All kinds of experimental music can be found on Bandcamp: free jazz, avant-rock, dense noise, outer-limits electronics, deconstructed folk, abstract spoken word, and so much more. If an artist is trying something new with an established form or inventing a new one completely, there’s a good chance they’re doing it on Bandcamp. Each month, Marc Masters picks some of the best releases from across this wide, exploratory spectrum. March’s selection includes lap steel guitar essays, water-bound horn blasts, harrowing voice exercises, and unpredictable jazz extrapolations.
Arrington De Dionyso
Shouting Over Deep Water Blues
Compact Disc (CD), Other Vinyl
In 2012, Arrington De Dionyso sat in a rowboat on the coast of Sweden and improvised on the horn he invented—called the Bromiophone—by breathing, blowing, and hollering through it. With assistance from the resonant water around him and some metal objects on the boat, he created music that often sounds like the rituals of a cult speaking in very loud tongues. The throaty stabs and yells throughout Shouting Over Deep Water Blues can be hypnotically bracing, but there’s also a kind of purifying, sweat-it-out aspect to Dionyso’s ecstatic sounds: or, as he aptly puts it in one track title,“Overtone ASMR.” There’s also a sense of celebratory ecstasy here, the feeling that unabashedly blasting air through metal is an act of life-affirmation.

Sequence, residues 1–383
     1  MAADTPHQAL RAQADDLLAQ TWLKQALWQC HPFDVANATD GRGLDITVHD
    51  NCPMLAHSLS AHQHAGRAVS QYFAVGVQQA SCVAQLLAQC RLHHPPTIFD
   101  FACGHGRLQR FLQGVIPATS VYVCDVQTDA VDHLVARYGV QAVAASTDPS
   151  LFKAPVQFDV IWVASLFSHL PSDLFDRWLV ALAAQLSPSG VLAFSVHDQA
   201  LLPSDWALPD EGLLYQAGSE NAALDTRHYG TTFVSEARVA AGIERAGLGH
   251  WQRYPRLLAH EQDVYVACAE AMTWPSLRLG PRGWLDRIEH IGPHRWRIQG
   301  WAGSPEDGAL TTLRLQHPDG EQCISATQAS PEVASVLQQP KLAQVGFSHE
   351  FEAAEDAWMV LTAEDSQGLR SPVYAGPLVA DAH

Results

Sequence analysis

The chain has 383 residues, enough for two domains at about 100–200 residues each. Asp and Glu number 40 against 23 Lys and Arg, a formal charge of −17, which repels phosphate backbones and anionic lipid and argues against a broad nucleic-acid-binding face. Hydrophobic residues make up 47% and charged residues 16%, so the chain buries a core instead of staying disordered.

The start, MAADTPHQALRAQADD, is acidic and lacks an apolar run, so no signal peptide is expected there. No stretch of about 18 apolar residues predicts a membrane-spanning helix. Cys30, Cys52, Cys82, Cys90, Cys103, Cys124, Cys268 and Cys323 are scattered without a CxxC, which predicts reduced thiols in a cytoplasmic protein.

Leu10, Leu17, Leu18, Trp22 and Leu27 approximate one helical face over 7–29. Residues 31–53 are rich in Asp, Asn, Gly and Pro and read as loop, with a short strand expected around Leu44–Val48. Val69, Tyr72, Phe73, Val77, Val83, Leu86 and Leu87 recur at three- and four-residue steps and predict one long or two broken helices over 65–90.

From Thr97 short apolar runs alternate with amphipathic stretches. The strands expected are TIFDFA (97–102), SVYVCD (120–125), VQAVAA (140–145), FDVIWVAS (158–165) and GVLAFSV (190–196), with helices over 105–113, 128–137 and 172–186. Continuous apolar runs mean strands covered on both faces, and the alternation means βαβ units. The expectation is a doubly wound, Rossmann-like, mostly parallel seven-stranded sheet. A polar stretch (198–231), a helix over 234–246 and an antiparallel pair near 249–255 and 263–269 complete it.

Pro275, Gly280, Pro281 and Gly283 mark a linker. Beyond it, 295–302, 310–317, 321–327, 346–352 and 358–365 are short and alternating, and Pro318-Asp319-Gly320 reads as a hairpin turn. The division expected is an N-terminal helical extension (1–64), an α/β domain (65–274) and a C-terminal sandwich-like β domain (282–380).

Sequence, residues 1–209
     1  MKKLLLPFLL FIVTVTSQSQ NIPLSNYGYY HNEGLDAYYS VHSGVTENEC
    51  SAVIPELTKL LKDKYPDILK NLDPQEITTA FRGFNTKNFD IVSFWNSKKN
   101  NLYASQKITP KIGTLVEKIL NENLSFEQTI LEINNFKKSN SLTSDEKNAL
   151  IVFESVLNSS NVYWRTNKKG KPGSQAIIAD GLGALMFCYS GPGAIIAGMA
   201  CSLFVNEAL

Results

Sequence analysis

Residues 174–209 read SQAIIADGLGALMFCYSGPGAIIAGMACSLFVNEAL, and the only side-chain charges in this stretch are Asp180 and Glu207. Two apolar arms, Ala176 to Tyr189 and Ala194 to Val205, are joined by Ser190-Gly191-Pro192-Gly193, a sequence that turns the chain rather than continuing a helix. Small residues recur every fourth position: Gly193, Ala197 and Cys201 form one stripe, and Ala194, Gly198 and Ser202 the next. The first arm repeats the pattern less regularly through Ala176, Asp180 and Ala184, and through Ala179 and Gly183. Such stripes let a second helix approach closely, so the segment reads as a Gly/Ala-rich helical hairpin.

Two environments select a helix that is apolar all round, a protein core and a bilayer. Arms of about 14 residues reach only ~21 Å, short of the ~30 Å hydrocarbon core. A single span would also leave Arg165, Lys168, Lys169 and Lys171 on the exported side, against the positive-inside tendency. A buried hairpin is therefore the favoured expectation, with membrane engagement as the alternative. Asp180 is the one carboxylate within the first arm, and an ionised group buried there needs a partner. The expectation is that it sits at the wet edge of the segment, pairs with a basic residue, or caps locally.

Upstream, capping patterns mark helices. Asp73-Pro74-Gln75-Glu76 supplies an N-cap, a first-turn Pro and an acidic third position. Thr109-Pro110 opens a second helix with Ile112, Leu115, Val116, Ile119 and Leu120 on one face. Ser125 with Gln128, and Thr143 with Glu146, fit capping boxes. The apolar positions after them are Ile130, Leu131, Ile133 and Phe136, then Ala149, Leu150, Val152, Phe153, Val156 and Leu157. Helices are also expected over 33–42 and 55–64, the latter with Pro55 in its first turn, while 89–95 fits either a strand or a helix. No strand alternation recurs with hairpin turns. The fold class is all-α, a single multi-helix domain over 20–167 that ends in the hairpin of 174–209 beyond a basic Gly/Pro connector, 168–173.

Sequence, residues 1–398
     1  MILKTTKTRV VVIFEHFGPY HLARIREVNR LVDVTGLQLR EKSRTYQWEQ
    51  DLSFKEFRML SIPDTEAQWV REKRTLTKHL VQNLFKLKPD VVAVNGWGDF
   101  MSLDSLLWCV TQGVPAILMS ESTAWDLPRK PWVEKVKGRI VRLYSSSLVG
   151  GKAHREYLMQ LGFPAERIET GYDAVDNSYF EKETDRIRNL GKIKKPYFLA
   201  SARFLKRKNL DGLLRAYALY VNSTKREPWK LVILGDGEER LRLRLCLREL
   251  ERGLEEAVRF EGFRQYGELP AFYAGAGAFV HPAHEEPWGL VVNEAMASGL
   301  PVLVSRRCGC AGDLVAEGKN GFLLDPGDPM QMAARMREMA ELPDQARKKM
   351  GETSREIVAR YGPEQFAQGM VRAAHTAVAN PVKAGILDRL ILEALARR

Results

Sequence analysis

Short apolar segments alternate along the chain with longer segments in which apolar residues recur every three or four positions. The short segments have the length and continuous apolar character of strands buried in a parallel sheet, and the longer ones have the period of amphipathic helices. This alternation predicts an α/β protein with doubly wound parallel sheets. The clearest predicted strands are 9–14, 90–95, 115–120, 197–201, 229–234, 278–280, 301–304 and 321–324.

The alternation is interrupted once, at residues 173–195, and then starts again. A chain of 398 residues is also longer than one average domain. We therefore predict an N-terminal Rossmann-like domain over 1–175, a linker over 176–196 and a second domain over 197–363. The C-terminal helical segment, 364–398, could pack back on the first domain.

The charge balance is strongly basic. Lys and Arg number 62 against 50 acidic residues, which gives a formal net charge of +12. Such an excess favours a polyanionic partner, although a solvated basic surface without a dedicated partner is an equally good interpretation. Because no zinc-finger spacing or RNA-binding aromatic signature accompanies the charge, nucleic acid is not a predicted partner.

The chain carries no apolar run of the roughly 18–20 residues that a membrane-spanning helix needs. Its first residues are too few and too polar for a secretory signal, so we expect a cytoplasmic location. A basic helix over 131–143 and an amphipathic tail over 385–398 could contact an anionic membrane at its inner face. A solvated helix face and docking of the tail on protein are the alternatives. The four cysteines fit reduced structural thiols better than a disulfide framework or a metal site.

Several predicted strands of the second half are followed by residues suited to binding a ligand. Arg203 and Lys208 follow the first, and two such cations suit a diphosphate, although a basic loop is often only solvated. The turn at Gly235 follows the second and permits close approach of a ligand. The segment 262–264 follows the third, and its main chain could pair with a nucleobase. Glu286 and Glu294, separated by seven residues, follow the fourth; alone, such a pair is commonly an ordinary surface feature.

Discipline and Denial
It’s almost always refreshing to hear a musician sit down with an instrument and just try things, whether they hit home runs or fall flat on their faces. In the case of someone as experienced and creative as California’s Ernesto Diaz-Infante, the possibility of falling is practically nil. But Discipline and Denial is still a compelling listen, simply for the sheer amount of ideas Diaz-Infante concocts and executes. Across 11 tracks made with lap steel guitar, he winds through minimalist repetition, coursing atmospherics, haunting noise, and abstract tone poems. He’s especially expressive when he uses “mistakes”—distortion, feedback, and other electric sparks—to build his vocabulary. And he’s funny, too: take “El Pájaro Salió Volando,” a cascading series of squeaks and quacks that could soundtrack a cartoon.
First Cousins Once Removed
First Cousins Once Removed
Brooklyn quartet First Cousins Once Removed have only performed six times in the last eight years, but their music is highly active—at least judging by their new self-titled release, an inventive 80 minutes of improvised sound presented in 11 tracks. Intertwined with stretches of smart free jazz are synth-heavy soundscapes, meditative guitar figures, and raucous noise jams. All four band members are credited with “warped sounds,” which is fitting: among all the interesting guitar, horn, strings, and electronics, a kind of sonic ghost emerges, animating every track with a creative energy that refuses to fade.